“Holding a rally while fundraising is not going to hinder Trump and [running mate Mike] Pence from hitting the battleground states hard,” said Keith Appell, a Republican strategist who supports Trump.

Trump won Mississippi by a comfortable margin in the GOP primary race, and he swept the rest of the Deep South, despite intense efforts by his top rival, Sen. Ted Cruz of Texas. Trump campaigned heavily on his hard-line opposition to illegal immigration and as a political outsider.

One key moment when Trump served notice to Republican leaders that his appeal in the party was not going to fade came about a year ago in Mobile, Ala., when a large and enthusiastic stadium crowd came to see him speak on a Friday night. Many establishment Republicans at the time were skeptical of his ability to compete for the GOP nomination, even though he was attracting much larger audiences than his rivals.

The frenzy of that period was captured by a viral photograph taken at the event of a woman with a massive smile on her face as Trump touched the cheek of her baby.

Even as Trump’s appeal in the most conservative pockets of the South remains strong, Florida — a diverse mix of deeply conservative areas, liberal turf and swing terrain — remains an uphill climb for him. Meanwhile, some recent polls have shown a competitive race in Georgia, a state Republicans have been able to count on at the presidential level in recent elections.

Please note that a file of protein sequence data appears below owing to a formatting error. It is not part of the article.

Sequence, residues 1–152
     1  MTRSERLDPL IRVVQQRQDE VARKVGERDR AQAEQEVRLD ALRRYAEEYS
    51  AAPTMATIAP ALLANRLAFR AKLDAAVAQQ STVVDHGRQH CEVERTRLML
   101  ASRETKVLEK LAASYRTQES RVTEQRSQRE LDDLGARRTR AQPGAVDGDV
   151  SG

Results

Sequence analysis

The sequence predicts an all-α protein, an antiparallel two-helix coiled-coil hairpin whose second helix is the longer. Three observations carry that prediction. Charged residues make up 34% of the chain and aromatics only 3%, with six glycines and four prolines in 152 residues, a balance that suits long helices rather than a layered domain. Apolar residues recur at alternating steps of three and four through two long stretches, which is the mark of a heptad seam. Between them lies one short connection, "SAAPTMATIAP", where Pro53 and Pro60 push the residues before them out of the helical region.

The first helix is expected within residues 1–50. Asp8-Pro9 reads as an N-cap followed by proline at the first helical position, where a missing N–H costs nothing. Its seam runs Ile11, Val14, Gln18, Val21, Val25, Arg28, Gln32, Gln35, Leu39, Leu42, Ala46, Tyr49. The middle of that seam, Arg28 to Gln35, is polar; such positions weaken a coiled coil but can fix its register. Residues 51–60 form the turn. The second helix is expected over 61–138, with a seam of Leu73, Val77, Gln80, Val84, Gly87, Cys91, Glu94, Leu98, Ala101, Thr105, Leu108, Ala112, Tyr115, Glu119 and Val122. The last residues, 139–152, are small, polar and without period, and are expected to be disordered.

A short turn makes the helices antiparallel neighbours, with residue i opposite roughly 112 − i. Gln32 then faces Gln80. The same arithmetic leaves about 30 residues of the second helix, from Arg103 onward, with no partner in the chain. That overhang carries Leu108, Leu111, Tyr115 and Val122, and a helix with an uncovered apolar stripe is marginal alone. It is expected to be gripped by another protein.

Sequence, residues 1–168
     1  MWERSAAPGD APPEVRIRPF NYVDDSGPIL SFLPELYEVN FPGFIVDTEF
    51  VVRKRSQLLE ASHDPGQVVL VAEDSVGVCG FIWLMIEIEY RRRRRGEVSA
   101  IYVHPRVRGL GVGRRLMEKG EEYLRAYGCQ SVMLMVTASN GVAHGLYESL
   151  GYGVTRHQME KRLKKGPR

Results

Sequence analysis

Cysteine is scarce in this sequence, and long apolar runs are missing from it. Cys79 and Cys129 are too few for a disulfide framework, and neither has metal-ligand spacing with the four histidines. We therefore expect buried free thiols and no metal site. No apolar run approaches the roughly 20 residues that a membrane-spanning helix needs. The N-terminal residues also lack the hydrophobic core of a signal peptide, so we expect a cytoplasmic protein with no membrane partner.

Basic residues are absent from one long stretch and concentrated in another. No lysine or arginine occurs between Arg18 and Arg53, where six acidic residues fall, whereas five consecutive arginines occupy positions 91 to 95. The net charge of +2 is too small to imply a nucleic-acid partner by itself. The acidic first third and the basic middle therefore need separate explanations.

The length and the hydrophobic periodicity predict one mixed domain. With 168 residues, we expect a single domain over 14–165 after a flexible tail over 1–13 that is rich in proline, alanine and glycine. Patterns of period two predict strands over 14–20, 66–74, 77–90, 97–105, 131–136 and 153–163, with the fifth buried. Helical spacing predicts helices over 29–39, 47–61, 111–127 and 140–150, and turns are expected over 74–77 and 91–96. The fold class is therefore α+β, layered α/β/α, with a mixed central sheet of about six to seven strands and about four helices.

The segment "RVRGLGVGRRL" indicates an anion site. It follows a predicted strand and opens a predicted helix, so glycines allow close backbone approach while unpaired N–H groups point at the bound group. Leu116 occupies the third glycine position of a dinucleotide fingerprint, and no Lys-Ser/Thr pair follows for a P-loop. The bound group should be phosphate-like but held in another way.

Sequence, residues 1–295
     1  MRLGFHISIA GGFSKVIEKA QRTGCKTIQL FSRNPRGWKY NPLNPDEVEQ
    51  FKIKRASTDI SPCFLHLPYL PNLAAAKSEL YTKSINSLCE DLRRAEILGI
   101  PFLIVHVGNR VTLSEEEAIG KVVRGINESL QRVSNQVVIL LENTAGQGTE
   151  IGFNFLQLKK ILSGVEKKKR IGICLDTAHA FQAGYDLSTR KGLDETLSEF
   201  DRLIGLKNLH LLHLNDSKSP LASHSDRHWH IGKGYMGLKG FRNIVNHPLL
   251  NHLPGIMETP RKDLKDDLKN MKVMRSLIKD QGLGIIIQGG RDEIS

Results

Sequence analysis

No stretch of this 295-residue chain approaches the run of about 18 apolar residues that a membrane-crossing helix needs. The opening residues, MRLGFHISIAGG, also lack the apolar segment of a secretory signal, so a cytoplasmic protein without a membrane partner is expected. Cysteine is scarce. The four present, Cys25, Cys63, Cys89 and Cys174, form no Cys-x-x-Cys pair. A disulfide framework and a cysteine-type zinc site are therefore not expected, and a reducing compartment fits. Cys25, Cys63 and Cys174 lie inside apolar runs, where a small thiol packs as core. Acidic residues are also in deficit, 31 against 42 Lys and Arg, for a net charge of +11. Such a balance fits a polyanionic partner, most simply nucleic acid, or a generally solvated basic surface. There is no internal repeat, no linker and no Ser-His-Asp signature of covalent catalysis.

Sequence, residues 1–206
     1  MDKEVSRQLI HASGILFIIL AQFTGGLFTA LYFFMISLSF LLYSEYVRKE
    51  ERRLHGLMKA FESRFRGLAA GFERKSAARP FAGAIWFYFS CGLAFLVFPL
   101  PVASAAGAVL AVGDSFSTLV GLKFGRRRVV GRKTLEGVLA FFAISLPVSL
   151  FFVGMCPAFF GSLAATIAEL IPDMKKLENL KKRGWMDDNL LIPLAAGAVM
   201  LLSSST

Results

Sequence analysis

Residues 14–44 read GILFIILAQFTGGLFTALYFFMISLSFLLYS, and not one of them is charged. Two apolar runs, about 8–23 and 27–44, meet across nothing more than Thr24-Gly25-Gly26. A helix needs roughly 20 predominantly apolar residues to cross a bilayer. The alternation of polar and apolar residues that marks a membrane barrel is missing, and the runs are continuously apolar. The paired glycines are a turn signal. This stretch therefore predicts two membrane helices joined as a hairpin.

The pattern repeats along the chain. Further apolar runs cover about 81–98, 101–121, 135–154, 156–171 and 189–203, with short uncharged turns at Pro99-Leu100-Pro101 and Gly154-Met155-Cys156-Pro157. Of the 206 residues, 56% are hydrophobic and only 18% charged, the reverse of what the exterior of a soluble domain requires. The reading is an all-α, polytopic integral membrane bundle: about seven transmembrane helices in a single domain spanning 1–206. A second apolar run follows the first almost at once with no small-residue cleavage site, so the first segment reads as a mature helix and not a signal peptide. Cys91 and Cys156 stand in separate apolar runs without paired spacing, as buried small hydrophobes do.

In battleground states such as Ohio, Pennsylvania, Virginia and North Carolina, polls show Trump trailing Clinton — in some cases by double digits.

Trump spokesman Jason Miller issued a statement Tuesday saying that the candidate will visit key battlegrounds such as Iowa and Nevada in the coming days. The statement did not mention Mississippi.

Ahead of Trump’s visit, Thompson joined other African American leaders at a news conference in Jackson to highlight the problems they see with the GOP nominee’s rhetoric on minorities. The congressman cast Trump’s visit to Jackson as a unique chance for him to speak about African American issues in an urban area, as opposed to other places “not like” Jackson where Trump has been visiting.

“This is his first opportunity to change the rhetoric that he’s given in suburban communities about people of color,” Thompson said.